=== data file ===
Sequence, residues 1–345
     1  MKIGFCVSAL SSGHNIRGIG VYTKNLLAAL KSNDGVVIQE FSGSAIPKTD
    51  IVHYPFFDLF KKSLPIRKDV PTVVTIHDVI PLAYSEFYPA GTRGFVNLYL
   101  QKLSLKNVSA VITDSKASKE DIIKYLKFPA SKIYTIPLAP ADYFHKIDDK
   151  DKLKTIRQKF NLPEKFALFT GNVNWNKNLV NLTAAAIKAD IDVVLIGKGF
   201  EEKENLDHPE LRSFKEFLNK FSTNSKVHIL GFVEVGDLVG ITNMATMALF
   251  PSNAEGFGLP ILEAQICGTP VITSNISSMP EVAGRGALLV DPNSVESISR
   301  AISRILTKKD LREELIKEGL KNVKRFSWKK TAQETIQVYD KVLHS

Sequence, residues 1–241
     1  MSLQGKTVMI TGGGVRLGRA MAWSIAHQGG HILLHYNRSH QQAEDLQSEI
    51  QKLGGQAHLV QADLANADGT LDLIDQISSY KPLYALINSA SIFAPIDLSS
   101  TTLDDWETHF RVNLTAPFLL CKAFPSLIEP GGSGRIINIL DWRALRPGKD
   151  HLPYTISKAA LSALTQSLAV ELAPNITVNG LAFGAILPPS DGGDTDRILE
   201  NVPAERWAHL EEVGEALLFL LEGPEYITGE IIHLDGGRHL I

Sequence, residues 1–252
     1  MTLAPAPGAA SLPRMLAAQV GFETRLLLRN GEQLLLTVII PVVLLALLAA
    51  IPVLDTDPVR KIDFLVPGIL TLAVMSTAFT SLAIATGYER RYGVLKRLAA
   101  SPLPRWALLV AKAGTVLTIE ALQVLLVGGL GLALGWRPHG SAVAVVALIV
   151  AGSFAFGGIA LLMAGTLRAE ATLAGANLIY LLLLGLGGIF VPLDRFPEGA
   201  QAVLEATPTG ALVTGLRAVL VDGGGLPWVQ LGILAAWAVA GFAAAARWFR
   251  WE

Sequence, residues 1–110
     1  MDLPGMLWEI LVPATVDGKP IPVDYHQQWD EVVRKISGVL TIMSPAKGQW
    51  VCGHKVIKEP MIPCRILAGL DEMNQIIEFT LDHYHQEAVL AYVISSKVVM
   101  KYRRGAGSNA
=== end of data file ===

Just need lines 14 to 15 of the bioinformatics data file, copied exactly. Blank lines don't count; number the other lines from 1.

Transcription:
   201  NVPAERWAHL EEVGEALLFL LEGPEYITGE IIHLDGGRHL I

Sequence, residues 1–252